Bankruptcy, Foreclosure & Loan Modification Blog

Avoiding Debt Collection Scams

It’s common for those end up filing for bankruptcy to endure months (or years) of calls and letters from debt collectors prior to making the decision to file for bankruptcy. While lenders are allowed to partake in legal debt collection efforts, the Fair Debt Collection Practices Act establishes rules which must be followed by debt collectors. For instance, debt collectors shouldn’t engage in threatening or intimidating behavior, and if the borrower asks for written proof of their debt, it must be provided....
Continue Reading »

Final Act, scene II…

Here are three more affirmative defense that may arise out of violation of the Unfair and Deceptive Trade Practices Act: 1. If your lender did not provide you with statements of the escrow account associated with your loan transaction, then an affirmative defense may exist. 2. If your lender failed to pay property taxes or insurance premiums for the subject property, there may be an affirmative defense....
Continue Reading »

And for the final act…

The third Act that can give rise to affirmative defenses in a mortgage foreclosure is the Unfair and Deceptive Trade Practices Act. Courts can hold lenders accountable under the Unfair and Deceptive Trade Practices Act and can also be made to pay punitive damages and attorneys’ fees. Some examples of violations include: 1. If the lender obtained a yield spread premium (YSP) that was excessive or not properly disclosed. 2. If the lender charged excessive fees or required the payment of fees to parties not entitled to receive any fees....
Continue Reading »

More from RESPA

Here are two (2) more affirmative defenses that come from violations of the Real Estate Settlement & Procedures Act, or RESPA for short: 1. If a lender accepted fees, kickbacks or other items of value in exchange for settlement services and or split fees and received unearned fees for services that the lender did not actually perform, there may be an affirmative defense for a RESPA violation. 2. If the lender did not provide annual escrow disclosure statements for each year of the mortgage since its inception, an affirmative defense may exist for a RESPA violation....
Continue Reading »

From TILA to RESPA

   The Real Estate Settlement & Procedures Act, or RESPA for short,  is another possible source of affirmative defenses.  RESPA is part of the U.S. Code and can be found at 12 U.S.C. Section 2601.  To begin: 1. An affirmative defense exists if a lender, at the time of the loan closing, charged a fee for the preparation of the truth in lending uniform settlement and escrow account statements....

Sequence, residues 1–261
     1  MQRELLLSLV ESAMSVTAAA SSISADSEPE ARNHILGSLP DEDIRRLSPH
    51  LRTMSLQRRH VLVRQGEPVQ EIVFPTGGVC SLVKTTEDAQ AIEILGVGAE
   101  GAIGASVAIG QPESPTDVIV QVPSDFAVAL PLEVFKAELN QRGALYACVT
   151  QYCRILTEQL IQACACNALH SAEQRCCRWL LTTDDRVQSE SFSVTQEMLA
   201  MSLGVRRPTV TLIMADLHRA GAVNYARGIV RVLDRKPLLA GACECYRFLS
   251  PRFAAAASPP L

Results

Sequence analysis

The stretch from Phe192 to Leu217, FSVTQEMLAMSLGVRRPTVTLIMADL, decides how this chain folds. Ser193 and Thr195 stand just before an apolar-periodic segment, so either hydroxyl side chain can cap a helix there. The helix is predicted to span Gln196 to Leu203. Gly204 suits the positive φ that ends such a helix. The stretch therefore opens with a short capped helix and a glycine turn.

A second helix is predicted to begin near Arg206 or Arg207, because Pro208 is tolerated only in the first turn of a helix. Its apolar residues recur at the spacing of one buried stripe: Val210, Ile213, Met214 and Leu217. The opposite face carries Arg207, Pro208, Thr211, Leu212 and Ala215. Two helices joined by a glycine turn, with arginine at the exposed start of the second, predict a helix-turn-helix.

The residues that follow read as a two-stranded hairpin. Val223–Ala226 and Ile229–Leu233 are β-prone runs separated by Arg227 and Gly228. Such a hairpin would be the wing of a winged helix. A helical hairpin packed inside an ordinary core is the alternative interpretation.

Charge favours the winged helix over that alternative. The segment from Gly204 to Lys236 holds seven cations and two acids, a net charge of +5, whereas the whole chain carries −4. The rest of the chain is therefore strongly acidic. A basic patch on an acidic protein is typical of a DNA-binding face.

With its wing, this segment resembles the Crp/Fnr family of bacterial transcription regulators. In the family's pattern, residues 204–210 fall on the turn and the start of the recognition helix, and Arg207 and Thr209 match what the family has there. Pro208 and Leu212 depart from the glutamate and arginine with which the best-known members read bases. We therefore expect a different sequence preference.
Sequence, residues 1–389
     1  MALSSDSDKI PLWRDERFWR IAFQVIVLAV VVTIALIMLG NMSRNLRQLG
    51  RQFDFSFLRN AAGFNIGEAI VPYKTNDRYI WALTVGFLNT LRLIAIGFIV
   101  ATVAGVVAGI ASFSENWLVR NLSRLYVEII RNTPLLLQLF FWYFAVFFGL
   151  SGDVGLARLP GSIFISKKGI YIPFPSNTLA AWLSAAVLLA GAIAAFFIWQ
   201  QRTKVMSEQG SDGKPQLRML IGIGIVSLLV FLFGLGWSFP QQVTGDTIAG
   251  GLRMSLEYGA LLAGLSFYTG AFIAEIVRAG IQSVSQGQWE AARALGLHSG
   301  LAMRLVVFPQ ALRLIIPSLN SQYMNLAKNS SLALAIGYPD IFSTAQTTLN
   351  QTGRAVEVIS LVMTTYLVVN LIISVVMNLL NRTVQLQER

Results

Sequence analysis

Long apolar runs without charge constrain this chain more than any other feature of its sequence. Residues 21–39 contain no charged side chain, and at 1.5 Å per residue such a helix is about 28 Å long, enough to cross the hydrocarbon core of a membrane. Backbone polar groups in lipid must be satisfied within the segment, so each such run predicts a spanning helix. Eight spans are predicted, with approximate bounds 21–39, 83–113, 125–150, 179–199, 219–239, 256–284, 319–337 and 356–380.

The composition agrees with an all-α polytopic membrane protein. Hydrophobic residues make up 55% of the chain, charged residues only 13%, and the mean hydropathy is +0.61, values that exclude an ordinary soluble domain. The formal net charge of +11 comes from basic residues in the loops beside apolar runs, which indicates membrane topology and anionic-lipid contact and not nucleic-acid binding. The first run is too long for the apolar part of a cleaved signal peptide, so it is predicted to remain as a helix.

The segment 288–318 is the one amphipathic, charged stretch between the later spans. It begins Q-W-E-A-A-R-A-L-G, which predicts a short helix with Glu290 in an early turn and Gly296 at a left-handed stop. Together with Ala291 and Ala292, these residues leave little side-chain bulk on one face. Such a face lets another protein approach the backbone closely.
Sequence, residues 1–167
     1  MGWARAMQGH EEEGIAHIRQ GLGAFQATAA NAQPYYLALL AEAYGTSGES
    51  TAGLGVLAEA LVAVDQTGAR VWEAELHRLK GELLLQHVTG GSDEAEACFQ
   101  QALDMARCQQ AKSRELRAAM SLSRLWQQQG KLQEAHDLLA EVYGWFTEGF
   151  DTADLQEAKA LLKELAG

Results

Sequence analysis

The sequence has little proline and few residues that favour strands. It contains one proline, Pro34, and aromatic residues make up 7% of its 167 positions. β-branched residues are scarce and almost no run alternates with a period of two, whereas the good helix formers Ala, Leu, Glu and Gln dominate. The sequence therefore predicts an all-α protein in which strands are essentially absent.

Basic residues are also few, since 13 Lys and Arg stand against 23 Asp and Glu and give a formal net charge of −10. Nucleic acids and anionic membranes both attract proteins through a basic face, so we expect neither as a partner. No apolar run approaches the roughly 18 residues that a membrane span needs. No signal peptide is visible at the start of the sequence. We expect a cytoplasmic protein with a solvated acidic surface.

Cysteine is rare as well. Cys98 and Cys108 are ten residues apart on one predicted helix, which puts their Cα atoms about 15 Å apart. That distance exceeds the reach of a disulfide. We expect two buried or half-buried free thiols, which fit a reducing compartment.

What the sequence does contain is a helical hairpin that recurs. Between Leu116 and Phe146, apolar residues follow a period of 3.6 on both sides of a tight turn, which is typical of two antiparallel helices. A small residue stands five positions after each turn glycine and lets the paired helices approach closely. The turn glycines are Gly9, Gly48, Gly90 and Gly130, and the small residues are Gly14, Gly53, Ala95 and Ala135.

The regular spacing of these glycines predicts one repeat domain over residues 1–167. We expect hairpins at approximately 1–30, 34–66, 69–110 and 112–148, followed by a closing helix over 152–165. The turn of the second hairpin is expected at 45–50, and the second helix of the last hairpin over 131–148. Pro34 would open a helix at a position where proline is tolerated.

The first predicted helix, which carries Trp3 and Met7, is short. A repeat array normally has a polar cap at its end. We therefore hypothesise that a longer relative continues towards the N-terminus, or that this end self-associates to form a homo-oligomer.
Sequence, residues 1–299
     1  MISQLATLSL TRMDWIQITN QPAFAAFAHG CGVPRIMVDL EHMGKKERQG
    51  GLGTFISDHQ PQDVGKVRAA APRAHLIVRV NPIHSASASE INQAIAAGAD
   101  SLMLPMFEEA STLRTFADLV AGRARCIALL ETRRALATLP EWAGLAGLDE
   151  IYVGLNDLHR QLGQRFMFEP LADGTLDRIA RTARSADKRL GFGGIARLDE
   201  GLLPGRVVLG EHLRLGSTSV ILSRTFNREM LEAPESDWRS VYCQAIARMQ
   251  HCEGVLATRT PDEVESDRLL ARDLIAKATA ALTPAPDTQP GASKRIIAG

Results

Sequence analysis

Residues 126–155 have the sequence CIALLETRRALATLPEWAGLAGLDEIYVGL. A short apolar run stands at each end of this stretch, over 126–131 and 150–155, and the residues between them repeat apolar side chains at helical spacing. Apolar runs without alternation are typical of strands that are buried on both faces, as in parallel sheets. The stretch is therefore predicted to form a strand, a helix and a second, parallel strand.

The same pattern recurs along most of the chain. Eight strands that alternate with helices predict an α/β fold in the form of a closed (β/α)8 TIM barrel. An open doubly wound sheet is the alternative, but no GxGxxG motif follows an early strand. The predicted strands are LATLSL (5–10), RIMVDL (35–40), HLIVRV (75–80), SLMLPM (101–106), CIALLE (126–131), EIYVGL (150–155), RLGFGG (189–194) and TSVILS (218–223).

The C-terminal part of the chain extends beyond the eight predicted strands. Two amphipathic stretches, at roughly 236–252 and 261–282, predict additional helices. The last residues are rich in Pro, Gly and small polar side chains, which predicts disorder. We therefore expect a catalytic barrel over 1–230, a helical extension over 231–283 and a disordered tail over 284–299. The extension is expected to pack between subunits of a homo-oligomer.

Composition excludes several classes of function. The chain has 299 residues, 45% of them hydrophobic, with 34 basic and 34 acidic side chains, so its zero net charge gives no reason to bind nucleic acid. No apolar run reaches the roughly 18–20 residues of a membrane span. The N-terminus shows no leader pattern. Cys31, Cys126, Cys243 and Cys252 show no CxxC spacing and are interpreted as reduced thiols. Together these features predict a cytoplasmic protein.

Continue Reading »

Time to play defense…affirmatively

There are several affirmative defense that can be raised against a foreclosure action. One such affirmative defense that can be raised is for a violation of the Truth in Lending Act or TILA. The Truth in Lending Act is part of the United States Code: 15 U.S.C. Section 1601 et seq. as well as Regulation Z of 226 etseq. Three of the numerous possible affirmative defenses for violations of TILA are:...
Continue Reading »

What is Mortgage Loan Forbearance?

Mortgage Foreclosure is a complex process that involves many different aspects and elements. Consequently, foreclosure defense is an area of law that encompasses a variety of legal issues. There are several different workout options that banks, lenders and borrowers must be aware of and consider. Sometimes lenders will offer a mortgage loan forbearance to a homeowner who is experiencing a temporary or short-term hardship....
Continue Reading »

Bankruptcy and Foreclosure Defense

In some situations bankruptcy and foreclosure defense can be used together to create the best option for borrowers. There several reasons why the a one-two punch works well. For example, regardless of whether the mortgage is for a primary residence or an investment property, the filing of a chapter 13 bankruptcy will stop foreclosure proceedings. Also a chapter 13 bankruptcy can allow a borrower to pay their monthly mortgage payment and repay the arrearages over either a 3 or 5 year plan....
Continue Reading »

What if I want to keep my house?

There are many who do not want to leave their home even if they are underwater, meaning the amount owed on the mortgage is greater than the value of the home and property.  One option for borrowers who really want to keep their house is a loan modification....
Continue Reading »

Strategy…strategy…strategy…

For many borrowers, a strategic default is a good option. A strategic default is when the borrowers decides to stop making their mortgage payments. A strategic default generally is used for properties that are “under water”, meaning that the value of the property is lower than the debt owed. Why a strategic default? There are many reasons. For example, many banks will not consider loan modifications or other workout options unless the borrower is in default, meaning that the borrower has missed mortgage payments....
Continue Reading »

Pages

  • Newland & Newland LLP, Attorneys, Arlington Heights, IL
  • Lawyer.com